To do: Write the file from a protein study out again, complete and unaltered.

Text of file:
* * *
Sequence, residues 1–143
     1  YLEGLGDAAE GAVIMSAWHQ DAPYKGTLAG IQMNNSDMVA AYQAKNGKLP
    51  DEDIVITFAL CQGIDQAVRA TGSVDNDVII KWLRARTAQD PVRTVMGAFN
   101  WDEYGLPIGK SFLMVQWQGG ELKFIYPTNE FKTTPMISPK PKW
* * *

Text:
Sequence, residues 1–143
     1  YLEGLGDAAE GAVIMSAWHQ DAPYKGTLAG IQMNNSDMVA AYQAKNGKLP
    51  DEDIVITFAL CQGIDQAVRA TGSVDNDVII KWLRARTAQD PVRTVMGAFN
   101  WDEYGLPIGK SFLMVQWQGG ELKFIYPTNE FKTTPMISPK PKW